Superlux HD681 EVO (MYR158/USD40)
Superlux is once more on the list with its closed-back HD681 EVO, offering giant-killer sound at a paltry price. Before we get into the sound, I must confess that these headphones are not well-built. In fact, they are uncomfortable and plasticky over-ears that will likely disintegrate in under five years. However, priced at well under MYR200, these headphones offer listeners some of the best closed-back sound one could wish for. The highs are clear and controlled, the mids are present, and the bass on these would render any dubstep enthusiast delirious. All in all, these are worth getting for someone looking for a gateway into the high-end, closed-back audio world.
Audio Technica ATH-M30x (MYR299/USD69)
Overshadowed by its somewhat overrated big brother (M50x), the M30x deserves an honourable mention. At roughly MYR300, these closed-back, over-ear headphones offer comfort levels identical to the M40x and M50x. This translates to hours of comfortable listening, assuming the ever-so-slim pads do not bother you. When it comes to sound, the M30x provides extremely balanced and controlled sound, with punchy bass, crisp highs, and slightly recessed mids. Soundstage is on the narrow side, but imaging is still detailed. These headphones offer listeners accurate sound while retaining Audio Technica’s higher-end line’s build quality. Verdict? Totally worth the moolah.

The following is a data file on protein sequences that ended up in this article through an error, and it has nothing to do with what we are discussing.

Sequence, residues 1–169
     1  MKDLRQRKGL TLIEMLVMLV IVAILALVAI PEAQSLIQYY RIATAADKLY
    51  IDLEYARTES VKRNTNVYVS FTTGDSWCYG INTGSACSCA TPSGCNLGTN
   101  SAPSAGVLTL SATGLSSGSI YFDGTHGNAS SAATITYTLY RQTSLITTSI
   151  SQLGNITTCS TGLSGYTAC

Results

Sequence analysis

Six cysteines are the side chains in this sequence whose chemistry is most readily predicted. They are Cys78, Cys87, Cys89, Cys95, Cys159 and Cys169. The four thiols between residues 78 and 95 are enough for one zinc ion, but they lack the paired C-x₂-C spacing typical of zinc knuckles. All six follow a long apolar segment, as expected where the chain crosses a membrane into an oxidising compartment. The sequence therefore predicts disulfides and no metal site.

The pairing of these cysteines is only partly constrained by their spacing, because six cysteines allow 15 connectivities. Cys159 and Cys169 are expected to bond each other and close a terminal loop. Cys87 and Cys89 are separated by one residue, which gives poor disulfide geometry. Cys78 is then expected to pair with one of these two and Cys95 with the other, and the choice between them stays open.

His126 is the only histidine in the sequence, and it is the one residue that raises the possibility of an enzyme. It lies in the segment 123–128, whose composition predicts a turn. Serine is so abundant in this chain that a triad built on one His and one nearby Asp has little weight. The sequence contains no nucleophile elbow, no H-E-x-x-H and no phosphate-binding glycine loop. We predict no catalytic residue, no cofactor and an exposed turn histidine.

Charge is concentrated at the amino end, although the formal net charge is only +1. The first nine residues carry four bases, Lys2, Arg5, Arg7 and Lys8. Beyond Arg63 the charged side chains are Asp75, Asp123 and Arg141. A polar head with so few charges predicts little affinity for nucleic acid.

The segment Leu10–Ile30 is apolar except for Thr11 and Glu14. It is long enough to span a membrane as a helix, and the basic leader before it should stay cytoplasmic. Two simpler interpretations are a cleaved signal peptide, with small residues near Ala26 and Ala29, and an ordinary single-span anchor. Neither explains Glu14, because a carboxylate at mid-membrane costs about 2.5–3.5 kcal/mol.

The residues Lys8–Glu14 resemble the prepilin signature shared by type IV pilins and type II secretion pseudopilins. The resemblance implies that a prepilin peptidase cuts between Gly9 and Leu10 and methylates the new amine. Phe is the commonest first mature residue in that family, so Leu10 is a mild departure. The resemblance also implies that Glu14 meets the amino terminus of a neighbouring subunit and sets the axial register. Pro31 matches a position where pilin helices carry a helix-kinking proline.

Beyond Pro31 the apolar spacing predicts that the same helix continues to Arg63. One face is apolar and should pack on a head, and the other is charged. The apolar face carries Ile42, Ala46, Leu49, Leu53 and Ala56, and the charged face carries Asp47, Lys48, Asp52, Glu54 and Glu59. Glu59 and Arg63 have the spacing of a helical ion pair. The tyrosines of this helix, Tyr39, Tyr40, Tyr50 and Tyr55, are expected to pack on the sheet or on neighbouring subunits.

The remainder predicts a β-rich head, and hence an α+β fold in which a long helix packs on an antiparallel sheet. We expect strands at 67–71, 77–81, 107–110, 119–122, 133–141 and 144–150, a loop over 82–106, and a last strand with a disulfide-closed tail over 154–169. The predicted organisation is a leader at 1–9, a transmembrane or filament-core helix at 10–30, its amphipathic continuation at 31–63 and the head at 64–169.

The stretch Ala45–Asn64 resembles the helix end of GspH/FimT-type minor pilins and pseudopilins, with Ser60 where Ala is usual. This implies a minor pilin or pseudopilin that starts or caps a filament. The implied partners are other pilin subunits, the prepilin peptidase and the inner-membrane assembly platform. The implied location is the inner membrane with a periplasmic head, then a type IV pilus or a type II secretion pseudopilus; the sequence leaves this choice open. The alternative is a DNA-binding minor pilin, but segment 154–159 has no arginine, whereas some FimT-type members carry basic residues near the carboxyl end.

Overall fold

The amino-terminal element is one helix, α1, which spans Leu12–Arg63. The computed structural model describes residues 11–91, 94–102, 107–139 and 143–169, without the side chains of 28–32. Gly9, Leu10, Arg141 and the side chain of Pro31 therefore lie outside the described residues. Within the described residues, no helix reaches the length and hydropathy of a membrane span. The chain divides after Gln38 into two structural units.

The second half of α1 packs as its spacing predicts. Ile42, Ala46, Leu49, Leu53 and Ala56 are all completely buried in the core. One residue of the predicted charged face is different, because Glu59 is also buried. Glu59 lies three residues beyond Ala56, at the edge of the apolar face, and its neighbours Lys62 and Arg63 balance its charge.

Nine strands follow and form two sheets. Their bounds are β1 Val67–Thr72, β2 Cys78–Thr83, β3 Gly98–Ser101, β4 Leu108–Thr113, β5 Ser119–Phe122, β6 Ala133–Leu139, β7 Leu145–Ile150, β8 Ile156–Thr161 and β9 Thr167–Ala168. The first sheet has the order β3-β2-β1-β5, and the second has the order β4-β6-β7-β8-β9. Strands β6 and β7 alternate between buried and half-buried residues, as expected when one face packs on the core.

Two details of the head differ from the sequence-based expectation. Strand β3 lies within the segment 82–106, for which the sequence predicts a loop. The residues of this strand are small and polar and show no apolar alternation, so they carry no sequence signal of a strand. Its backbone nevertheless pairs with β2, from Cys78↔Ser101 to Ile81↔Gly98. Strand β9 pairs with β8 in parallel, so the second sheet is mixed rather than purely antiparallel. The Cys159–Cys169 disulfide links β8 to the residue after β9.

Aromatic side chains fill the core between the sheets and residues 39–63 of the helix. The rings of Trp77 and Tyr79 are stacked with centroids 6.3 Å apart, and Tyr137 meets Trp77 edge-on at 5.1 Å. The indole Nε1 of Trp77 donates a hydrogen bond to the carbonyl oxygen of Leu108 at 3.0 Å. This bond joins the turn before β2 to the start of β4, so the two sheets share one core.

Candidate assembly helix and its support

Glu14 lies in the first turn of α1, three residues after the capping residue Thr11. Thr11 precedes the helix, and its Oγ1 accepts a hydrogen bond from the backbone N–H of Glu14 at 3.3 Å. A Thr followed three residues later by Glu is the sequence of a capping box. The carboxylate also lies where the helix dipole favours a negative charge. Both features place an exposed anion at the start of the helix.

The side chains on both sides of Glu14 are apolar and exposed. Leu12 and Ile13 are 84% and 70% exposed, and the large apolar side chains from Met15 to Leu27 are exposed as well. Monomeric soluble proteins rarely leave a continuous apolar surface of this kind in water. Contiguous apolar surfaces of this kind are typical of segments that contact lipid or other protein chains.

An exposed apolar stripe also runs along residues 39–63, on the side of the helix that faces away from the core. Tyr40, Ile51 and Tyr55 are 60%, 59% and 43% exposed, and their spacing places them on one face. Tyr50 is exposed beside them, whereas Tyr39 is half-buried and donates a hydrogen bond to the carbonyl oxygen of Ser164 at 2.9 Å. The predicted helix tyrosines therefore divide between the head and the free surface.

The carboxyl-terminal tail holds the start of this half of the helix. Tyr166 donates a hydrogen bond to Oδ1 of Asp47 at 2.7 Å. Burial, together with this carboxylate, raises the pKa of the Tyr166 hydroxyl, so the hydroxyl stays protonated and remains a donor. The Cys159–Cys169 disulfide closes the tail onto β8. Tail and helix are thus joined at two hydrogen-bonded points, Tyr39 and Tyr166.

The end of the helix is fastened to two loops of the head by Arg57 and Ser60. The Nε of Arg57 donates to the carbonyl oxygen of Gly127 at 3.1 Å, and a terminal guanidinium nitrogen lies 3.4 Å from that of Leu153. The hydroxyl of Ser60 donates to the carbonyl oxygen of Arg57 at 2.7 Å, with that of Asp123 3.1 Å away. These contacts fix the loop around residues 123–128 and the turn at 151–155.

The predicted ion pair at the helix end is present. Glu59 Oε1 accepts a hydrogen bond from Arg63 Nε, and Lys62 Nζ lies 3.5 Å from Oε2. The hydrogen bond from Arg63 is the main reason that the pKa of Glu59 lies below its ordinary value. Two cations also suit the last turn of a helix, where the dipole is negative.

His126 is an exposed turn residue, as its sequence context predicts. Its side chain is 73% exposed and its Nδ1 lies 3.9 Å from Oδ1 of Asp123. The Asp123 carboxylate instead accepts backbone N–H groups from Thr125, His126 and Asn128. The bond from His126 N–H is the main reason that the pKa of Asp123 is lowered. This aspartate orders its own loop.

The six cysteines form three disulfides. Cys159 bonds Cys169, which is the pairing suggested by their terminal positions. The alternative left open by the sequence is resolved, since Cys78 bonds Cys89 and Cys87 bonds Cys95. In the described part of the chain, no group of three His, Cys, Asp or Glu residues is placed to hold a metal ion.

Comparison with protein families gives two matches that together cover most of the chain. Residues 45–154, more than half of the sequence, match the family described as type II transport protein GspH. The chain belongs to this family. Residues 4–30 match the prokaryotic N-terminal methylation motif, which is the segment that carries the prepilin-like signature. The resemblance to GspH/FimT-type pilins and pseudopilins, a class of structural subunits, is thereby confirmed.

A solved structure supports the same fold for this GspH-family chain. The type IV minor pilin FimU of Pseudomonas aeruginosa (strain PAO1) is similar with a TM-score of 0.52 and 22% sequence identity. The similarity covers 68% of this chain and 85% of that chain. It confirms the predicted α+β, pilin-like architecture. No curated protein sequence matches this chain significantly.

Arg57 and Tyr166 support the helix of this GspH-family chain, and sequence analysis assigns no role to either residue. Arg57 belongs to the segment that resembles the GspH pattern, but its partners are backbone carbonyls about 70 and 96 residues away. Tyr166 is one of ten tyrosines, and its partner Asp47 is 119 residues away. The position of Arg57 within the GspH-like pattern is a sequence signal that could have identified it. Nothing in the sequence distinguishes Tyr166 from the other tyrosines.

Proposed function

AKG Q460 (MYR300/USD40)
Going for RM300, the Q460 is the birth child of AKG’s collaboration with jazz legend, Quincy Jones. Like most celebrity-developed products, there is no guarantee the final product will live up to expectations. However, these on-ear fashion cans offer the stylish listener a compelling option. The headphone is well-built and small, comes in multiple colours, and is designed for daily commutes. The on-ear nature does not jeopardise comfort, yet provides sufficient isolation. When it comes to sound, the Q460 is a mixed bag. Highs are clear, lows are more than sufficient, but the mids tend to be rather fatiguing, depending on music selection. Ironically, these headphones are ill-suited for jazz, and instead works well with hip hop and EDM. Overall, these are excellent headphones for people on the move.
Making a headphone-buying decision is no trivial matter. Some individuals require portability, while others require isolation. On the other end of the spectrum are avid listeners who have no need for either, and instead are fixated on squeezing out the best sound for the least coin. All of these headphones fulfil unique requirements, rendering an individual pick of the lot pointless. However, if you’re looking for the most exciting and eye-opening sound, the open-back nature of the Superlux HD668B makes it the obvious choice. Happy hunting!
If you’re into headphones, don’t miss out on Closed or open: The Headphone debate